The SVC (speed volume control) mode is used by many car audio manufacturers. It automatically adjusts the volume of your radio to match your driving speed. As you speed up, the music gets louder and as you slow down, the volume decreases. It’s a great feature to have when you’re listening to music in the car because it eliminates the need to constantly adjust the volume and can make your ride more enjoyable.
When the code “SVC” is interpreted, it causes a program interrupt. This passes control to a supervisor routine that performs the service indicated by the specific SVC instruction. It is important to note that SVC routines are different from and should not be confused with automatic sound leveling (ASL).
Static Var Compensator (SVC) regulates reactive power balance in energy systems by rapidly supplying or absorbing reactive power through electronic switching components. This minimizes voltage fluctuations, reduces power losses and improves system efficiency. It also helps to optimize energy costs by increasing system performance.
Unlike a speaker with a single voice coil, the voice coil in a subwoofer has two separate lengths of copper wire wound on a circular "former." Both coils are connected to the amplifier's positive (+) and negative (-) terminals. They are able to react to changes in current extremely quickly, and this is what makes them so effective at reproducing music.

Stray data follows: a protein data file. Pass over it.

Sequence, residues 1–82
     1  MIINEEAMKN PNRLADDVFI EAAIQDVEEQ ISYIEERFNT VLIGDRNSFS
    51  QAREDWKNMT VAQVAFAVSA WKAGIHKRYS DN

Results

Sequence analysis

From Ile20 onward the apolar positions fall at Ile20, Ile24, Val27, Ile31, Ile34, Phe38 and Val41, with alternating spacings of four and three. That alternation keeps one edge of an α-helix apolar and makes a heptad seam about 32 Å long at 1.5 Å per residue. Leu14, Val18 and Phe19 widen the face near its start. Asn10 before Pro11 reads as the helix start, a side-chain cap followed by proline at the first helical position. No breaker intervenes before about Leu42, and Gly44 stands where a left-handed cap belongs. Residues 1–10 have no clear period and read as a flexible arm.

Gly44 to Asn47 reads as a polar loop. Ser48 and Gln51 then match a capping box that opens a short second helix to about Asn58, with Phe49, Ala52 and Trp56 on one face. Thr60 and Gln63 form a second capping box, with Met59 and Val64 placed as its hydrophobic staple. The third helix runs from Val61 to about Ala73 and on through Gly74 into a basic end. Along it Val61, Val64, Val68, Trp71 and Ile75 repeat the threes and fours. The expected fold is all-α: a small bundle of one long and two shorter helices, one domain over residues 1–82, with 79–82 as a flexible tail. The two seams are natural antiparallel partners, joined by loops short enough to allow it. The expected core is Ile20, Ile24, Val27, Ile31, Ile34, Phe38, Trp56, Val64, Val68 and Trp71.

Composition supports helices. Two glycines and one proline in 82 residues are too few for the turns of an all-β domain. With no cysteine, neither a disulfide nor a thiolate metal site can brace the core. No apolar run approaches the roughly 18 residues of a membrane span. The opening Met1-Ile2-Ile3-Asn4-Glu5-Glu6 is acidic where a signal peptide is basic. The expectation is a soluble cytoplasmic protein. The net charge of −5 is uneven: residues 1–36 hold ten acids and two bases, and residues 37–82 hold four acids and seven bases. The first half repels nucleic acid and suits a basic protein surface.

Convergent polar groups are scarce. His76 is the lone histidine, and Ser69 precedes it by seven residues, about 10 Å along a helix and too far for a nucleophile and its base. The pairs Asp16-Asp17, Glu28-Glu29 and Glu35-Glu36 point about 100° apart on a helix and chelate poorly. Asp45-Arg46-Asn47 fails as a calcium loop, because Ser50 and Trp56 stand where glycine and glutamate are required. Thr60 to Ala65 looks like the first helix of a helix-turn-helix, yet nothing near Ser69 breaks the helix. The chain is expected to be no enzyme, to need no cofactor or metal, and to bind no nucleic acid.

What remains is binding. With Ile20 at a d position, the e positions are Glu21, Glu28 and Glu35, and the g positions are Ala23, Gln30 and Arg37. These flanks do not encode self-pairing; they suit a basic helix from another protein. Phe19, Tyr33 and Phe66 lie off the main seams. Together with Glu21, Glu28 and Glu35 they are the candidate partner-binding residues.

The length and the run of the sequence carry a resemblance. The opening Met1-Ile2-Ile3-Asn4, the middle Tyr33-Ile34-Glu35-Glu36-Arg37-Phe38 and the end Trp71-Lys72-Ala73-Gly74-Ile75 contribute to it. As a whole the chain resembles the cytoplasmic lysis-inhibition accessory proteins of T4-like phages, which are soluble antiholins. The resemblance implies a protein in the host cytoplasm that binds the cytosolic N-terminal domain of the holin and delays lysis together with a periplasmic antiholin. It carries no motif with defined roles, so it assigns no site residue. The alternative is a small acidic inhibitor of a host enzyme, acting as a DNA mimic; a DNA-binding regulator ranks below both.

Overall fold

The SVC mode in your vehicle allows you to choose how you want the sound to be adjusted, but it’s important to keep in mind that turning this function off will result in a less optimal driving experience. This setting isn’t available in all vehicles, but it is common on Ford, Subaru, and Infiniti models. To set the SVC, just navigate to your vehicle's settings and select the desired option.